Chesapeake Bay cleanup gaining momentum

July 22, 2011

The argument over who should take the lead in cleaning up the Chesapeake Bay cleanup misses the point that change for the better is already on its way ("Harris has it right: Let states enforce pollution law," July 19).

Here in Dorchester County, the cleanup is gaining momentum precisely because all levels of government are on the same page. Sparked by the bay's new pollution diet and by assistance from the Environmental Protection Agency and the state, a group representing the farming community, city and county officials and citizens have made unprecedented progress toward putting together a concrete plan to clean up our waterways.

The Watershed Implementation Plan will combine the best of local restoration opportunities with regional know-how and accountability. For the first time, I have real hope that the Choptank, the Nanticoke and the Chesapeake Bay will be healthy waterways again.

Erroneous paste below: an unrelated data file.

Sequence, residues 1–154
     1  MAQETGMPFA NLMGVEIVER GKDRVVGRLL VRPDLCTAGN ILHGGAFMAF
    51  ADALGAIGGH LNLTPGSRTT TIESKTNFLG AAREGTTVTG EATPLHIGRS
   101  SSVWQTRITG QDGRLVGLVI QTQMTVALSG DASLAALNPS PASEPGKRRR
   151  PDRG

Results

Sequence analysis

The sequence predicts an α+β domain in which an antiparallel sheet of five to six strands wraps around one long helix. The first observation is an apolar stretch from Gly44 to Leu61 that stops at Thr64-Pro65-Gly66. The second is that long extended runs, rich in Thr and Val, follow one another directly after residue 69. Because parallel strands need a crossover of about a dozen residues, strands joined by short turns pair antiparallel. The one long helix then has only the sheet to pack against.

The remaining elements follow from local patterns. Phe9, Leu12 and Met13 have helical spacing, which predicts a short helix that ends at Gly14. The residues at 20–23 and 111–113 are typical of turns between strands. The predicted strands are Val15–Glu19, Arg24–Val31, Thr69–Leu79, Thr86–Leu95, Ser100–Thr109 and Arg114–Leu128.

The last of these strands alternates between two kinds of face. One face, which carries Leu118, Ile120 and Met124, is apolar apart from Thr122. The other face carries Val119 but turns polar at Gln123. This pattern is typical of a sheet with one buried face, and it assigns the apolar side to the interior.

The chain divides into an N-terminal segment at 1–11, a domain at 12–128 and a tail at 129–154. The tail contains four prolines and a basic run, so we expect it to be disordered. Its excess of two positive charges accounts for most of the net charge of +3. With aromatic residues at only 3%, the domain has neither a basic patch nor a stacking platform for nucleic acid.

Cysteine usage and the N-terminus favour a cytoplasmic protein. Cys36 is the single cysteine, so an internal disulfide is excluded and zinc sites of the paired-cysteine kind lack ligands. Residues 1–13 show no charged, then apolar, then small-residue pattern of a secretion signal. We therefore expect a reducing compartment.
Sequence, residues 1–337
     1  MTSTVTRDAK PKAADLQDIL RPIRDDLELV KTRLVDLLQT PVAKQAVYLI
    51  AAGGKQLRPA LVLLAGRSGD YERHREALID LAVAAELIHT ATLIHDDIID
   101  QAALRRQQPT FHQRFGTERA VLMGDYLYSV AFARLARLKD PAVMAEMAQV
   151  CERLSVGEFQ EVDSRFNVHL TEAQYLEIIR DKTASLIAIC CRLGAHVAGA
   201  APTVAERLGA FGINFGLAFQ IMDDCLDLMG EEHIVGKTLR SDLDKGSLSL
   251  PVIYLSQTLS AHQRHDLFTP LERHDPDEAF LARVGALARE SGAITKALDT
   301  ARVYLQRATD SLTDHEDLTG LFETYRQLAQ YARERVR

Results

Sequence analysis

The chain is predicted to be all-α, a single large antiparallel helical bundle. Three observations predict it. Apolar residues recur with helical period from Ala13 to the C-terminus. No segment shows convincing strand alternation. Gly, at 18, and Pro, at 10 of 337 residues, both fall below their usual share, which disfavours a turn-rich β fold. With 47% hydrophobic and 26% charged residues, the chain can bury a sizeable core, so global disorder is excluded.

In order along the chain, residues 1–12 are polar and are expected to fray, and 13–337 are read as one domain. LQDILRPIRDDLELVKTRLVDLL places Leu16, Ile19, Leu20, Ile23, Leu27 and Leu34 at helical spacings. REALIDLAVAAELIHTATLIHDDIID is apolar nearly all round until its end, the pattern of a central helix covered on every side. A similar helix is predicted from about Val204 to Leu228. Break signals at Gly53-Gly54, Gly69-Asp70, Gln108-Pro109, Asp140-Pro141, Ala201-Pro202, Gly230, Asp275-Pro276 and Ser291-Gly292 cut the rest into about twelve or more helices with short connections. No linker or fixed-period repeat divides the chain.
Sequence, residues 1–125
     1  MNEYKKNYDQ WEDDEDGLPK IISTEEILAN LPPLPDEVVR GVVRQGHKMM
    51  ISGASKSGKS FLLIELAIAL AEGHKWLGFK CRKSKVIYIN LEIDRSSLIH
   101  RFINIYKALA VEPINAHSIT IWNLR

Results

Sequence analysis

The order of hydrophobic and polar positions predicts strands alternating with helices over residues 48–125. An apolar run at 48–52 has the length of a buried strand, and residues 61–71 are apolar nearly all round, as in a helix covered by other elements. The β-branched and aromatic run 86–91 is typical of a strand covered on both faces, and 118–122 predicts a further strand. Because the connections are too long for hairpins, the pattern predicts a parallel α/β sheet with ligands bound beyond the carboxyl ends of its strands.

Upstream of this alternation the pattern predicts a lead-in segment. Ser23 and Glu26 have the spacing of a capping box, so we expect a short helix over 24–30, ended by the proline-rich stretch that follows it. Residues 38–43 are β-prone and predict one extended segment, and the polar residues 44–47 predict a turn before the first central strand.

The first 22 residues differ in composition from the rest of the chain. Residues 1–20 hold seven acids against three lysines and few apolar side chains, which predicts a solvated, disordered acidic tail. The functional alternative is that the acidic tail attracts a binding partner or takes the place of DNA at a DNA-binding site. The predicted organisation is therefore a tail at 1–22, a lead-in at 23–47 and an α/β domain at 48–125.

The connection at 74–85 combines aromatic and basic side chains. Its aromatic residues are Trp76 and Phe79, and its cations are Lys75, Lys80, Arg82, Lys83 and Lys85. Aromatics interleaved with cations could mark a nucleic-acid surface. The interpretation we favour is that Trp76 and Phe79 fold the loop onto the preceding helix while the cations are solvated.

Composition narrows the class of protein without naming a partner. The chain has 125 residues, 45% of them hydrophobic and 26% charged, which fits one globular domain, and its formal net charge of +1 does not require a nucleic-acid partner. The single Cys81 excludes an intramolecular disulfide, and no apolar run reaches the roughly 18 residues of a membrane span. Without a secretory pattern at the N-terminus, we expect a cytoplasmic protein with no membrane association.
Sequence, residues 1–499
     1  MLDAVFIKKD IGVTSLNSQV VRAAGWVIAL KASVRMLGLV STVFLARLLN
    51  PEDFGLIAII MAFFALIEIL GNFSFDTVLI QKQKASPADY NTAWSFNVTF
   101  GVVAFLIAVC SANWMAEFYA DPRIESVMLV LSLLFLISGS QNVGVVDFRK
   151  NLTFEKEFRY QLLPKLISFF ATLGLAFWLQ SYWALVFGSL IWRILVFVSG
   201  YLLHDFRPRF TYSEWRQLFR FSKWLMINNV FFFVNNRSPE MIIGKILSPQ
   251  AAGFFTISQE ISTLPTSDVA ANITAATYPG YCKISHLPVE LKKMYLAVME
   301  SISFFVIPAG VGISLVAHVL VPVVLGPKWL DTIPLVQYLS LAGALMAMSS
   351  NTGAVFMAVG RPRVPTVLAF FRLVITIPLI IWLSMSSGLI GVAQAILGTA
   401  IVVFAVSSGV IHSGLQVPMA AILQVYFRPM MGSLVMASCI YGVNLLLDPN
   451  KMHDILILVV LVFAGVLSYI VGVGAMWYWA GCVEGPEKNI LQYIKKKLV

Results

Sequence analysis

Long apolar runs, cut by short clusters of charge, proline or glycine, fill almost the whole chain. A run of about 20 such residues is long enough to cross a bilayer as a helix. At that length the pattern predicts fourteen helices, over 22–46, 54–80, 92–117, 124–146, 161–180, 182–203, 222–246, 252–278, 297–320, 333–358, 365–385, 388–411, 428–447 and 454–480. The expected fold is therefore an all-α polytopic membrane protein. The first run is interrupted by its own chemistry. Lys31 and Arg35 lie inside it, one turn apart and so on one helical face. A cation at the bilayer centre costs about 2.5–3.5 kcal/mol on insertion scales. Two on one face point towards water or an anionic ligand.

That Rep. Andy Harris would vote to pull the plug on such important efforts — in his own district — is disappointing to say the least.

Until last year the federal government routinely shied away from its fair share of the responsibility for cleaning up the bay. Given our incredible natural resources (and the jobs that depend on them) the Eastern Shore deserves no less than full support from citizens across the region and all levels of government and industry.

It's a shame we can't count on that from one of our own elected representatives.

Beth Ann Lynch, Dorchester County

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